But I care – and I’m not using my beta reader except as a first reader. For what should be finished work, so she has as clean an experience as I can make. I don’t want her pristine read complicated by anything that distracts her from the flow; when she tells me something doesn’t work for her, it is going to be taken very seriously.


And that is how I use AutoCrit (I have a Lifetime membership – worth every penny) to do what no human editor should be asked to do (count) and what I don’t want an editor to do (change ANY of my words, which includes suggesting I change them). They may not be happy about this, but it is the least traumatic way for me.

I really should stop even clicking on those ‘everything needs an editor’ posts. Their authors, some of them editors, hate people like me.

Is the gift worth your LIFE?

ONLY IF YOU HAVE TO

I wake up angry too many days.

Then I spend time getting myself at least back to neutral, because I live with other people, and it isn’t fair to them to have to put up with me in that mood, unless I have no other choice, and we already know I have a choice, because I have used that choice successfully every day for many years now: figure out how to, today, and get over yourself.

Every day I berate myself

Because I don’t get to work sooner.

I sit at my computer, and end up checking out whether anything has changed in the world since I forced myself to go to bed last night. Now that we have online subscriptions to the Washington Post and The New York Times, I do a quick flip through the headlined new articles, to see if anything needs my attention.

I remember the comic (xkcd, I believe) about how someone can’t go to bed because the internet is broken.

I know it’s partly physical: for some reason probably related to illness, the brain comes on slowly, and usually doesn’t really focus on anything mentally challenging until after first nap. That baffles me, and scares me, because I have to drag myself into that first nap, too, always convinced before I do so that it won’t help, that if I could just force myself through, block the internet, START working I would now be fine for the rest of the day, and I’d get everything done which never gets done.

Every day I test out my mental speed by doing hard sudokus: under about 6:30 minutes, I can probably do something useful with a small effort; over that, and I can’t usually write, and, worse, make mistakes of epic proportions (luckily Scrivener has snapshots and I do backups erratically but so far successfully). Those scare me – when it takes you a month to write a scene exactly the way you want it, and you think you have deleted it, well, it’s not a pretty feeling.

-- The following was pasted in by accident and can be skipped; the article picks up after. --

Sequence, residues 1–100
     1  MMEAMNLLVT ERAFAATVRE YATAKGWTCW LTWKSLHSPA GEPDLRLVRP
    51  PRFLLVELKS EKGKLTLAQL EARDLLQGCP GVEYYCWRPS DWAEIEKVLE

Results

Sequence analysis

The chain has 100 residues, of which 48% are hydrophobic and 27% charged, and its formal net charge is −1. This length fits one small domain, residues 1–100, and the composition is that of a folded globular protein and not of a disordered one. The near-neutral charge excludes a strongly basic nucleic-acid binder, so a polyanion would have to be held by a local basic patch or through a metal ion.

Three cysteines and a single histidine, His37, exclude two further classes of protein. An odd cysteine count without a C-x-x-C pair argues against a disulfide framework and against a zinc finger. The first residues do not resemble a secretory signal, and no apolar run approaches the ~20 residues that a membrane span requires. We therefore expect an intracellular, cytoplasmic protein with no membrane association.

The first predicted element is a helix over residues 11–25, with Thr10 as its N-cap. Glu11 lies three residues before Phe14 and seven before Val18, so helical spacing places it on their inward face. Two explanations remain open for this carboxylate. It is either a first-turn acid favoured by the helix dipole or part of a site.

Nothing helps until somehow

The process starts up by itself, if it’s going to that day.

Many days it doesn’t – and I am helpless to understand why. Because it seems that other, equally stressed days, work.

I laugh when I see people suggest taking days off: it takes me so long to get back to where I was when I’m forced by Life to do something else for a few days that I am pretty sure I won’t make it back to writing ever.

My brain is on instructions to at least try every day, and, indeed, I have no idea what I’d do with a day taken off deliberately from writing.

Back to the ‘gift’ I’m writing about

And that gift IS writing.

Not that I have any choice in the matter, it seems, but the writing, as it is now, is the result of who I’ve become.

And that’s the question: if I had to choose, and I had the Hobson’s choice of writing what I do and being sick, or neither, would I value what I’m writing enough to choose illness if that were its price?

Is one single story – if that’s all I manage – worth a life?

Is LoTR worth Tolkien’s life, GWTW Margaret Mitchell’s? And why classify myself with them (and neither was ill). What about ‘Barbie Takes Manhattan’? Or ‘Bridget Jones’ Diary’? Or ‘Harry the Cat’?

The choice is an illusion

I have children and a husband – they come first.

And, as soon as they don’t need me this instant, I try again to focus.

I took my nap, am more awake (though sudoku still says well over 7 min.), and I come back to the same question: is this worth writing? Is it worth my life? I’m not sure what the answer is, but it certainly is what I want to do with my life, with the energy I get, with the time I spend/waste every day.